Nearly 49 million people are uninsured in the United States. Health insurance exchanges are supposed to help millions of uninsured people get insurance on a private plan. These new exchanges will be the most visible part of President Barack Obama’s health care overhaul law in everyday life. Open enrollment starts on October 1, 2013, less than 10 months away.
Exchange is really just another word for marketplace. The plans sold in the new markets will start covering patients on January 1, 2014. Each state will have its own exchange serving people who buy their health insurance directly, as well as a separate exchange for small businesses.
There will be three types of exchanges at the beginning: those run by states, those run by the federal government, and partnerships. Most Republican governors opposed to “Obamacare” are letting Washington run the exchanges in their states. For consumers, the healthcare benefits offered should be the same no matter who runs the exchange.
The exchanges are supposed to have the feel of an online travel site – think Orbitz or Expedia. “Middle-class” earners will be able to pick from a range of private insurance plans, and most people will be eligible for help from the government to pay their premiums. “Low-income” earners will be steered to safety-net programs for which they might qualify. This could be a problem in states that choose not to expand their Medicaid programs under a separate part of the health care law. In that case, many low-income residents in those states would remain uninsured.
People will need to disclose their income, marital status and number of dependents to the exchange at the time they apply for coverage, and the exchange will calculate any potential financial assistance they might be offered. Only legal residents of the United States can get financial assistance.
The health care law offers sliding-scale subsidies based on income for individuals and families making up to four times the federal poverty level, about $44,700 for singles, and $92,200 for a family of four.
There will be four levels of coverage, from “bronze,” which will cover 60 percent of expected costs, to “platinum,” which will cover 90 percent. “Silver” and “gold” are in between. Bronze plans will charge the lowest premiums, but they’ll have the highest annual deductibles. Platinum plans will have the highest premiums and the lowest out-of-pocket cost sharing.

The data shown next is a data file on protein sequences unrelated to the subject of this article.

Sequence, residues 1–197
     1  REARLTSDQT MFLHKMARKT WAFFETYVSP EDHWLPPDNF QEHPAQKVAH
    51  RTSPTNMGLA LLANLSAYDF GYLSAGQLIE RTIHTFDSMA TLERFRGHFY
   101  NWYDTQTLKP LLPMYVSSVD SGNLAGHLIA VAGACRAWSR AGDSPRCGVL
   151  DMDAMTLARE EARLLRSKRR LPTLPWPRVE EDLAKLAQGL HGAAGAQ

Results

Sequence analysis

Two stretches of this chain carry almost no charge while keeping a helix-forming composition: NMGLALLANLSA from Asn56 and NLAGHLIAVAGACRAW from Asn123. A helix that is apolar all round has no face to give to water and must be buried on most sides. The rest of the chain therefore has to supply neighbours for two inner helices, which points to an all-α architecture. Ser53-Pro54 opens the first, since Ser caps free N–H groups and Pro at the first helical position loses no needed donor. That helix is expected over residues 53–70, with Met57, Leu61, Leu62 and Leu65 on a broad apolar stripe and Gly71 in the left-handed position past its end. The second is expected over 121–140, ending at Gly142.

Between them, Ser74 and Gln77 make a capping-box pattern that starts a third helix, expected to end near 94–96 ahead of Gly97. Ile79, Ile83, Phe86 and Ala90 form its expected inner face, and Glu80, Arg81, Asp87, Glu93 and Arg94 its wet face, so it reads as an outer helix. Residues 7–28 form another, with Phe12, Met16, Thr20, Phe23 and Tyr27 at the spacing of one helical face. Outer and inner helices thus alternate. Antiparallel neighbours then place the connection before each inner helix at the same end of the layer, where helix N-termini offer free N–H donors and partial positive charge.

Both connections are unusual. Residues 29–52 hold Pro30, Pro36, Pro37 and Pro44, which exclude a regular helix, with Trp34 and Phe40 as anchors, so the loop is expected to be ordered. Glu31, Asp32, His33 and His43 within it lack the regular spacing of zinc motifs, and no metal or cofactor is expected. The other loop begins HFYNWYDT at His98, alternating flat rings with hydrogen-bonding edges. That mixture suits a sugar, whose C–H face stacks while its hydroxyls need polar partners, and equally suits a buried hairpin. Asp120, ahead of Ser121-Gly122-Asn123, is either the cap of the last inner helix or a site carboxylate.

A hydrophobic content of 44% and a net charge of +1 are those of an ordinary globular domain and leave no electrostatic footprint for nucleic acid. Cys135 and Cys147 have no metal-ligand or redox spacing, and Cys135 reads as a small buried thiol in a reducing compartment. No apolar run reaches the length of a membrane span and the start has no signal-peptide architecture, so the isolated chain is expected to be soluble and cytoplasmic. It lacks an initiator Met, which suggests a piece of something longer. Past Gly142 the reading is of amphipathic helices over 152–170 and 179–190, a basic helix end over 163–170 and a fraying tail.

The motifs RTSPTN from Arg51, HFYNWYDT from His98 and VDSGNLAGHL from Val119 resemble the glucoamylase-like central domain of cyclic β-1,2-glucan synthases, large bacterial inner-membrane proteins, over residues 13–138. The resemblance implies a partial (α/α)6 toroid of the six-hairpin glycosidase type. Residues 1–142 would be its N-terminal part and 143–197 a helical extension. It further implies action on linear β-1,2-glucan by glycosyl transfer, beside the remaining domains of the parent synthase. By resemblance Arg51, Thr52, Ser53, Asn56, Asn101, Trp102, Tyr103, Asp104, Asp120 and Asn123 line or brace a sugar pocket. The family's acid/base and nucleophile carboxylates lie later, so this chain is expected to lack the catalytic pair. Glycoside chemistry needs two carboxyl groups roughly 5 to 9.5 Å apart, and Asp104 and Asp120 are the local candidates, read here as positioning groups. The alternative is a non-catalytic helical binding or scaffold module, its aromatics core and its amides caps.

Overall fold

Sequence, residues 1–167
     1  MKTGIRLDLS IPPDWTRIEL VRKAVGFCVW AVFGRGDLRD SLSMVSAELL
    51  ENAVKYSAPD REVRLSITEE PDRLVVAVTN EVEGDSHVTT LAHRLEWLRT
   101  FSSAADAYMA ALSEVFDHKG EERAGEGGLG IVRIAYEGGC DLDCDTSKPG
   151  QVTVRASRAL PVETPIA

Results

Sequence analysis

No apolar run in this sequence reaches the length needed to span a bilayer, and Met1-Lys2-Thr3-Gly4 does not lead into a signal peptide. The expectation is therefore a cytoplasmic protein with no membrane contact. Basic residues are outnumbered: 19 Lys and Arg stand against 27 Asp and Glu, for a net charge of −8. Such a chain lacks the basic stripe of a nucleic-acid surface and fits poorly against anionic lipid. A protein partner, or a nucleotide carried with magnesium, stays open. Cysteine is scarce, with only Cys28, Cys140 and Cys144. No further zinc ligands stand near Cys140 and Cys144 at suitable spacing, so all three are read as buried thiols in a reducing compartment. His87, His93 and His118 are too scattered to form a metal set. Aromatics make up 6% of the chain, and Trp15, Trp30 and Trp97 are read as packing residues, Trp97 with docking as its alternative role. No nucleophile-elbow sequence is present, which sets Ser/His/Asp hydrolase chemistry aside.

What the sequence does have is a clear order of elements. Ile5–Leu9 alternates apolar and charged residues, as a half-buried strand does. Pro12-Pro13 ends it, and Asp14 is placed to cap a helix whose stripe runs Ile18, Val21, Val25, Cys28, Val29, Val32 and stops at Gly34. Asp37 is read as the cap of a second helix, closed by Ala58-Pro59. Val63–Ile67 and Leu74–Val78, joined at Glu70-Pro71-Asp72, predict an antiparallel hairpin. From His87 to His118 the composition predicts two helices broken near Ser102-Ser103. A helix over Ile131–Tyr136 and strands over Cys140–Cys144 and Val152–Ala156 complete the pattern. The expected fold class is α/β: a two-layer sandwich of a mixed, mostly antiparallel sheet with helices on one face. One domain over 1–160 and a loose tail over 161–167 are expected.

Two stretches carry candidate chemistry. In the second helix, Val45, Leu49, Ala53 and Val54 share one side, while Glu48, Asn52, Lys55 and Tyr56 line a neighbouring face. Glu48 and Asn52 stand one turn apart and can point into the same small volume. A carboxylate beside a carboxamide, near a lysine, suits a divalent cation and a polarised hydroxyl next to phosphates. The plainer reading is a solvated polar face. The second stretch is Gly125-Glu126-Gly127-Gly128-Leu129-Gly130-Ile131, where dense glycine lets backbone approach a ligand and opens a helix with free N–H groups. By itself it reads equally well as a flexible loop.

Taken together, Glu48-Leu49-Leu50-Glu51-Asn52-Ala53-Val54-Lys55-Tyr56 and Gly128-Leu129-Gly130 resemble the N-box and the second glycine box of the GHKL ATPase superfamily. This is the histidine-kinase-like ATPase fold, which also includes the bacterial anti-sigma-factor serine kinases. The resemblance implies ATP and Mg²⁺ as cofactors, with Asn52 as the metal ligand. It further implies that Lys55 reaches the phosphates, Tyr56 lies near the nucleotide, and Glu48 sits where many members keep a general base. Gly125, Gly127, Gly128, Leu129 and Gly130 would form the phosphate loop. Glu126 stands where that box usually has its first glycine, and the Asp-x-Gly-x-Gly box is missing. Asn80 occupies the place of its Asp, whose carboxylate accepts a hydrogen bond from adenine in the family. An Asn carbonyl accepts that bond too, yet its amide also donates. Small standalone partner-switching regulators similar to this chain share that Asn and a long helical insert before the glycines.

The government’s subsidy will be tied to the premium for the second-lowest-cost plan at the silver coverage level that’s available in each area. One could take it and buy a lower cost bronze plan, saving money on premiums. But they’d have to be prepared for the higher annual deductible and copayments.
All plans in the exchange will have to cover a standard set of “essential health benefits,” including hospitalization, doctor visits, prescriptions, emergency room treatment, maternal and newborn care, and prevention. Insurers cannot turn away the sick or charge them more. Middle-aged and older adults can’t be charged more than three times what young people pay. Insurers can impose penalties on smokers.
As an example, a family of four headed by a 40-year-old earning $35,000 will get a $10,742 tax credit toward an annual premium of $12,130. They’d have to pay $1,388, about 4 percent of their income, or about $115 a month.
A similar hypothetical family making $90,000 will get a much smaller tax credit, $3,580, meaning they’d have to pay $8,550 of the same $12,130 policy. That works out to more than 9 percent of their income, or about $710 a month.
Although it’s called a “tax credit” the government assistance goes directly to the insurer. The subscriber does not receive a check. More information on exchanges will be provided as we move closer to the October 2013 open enrollment date.
Kirk Reinitz, CPA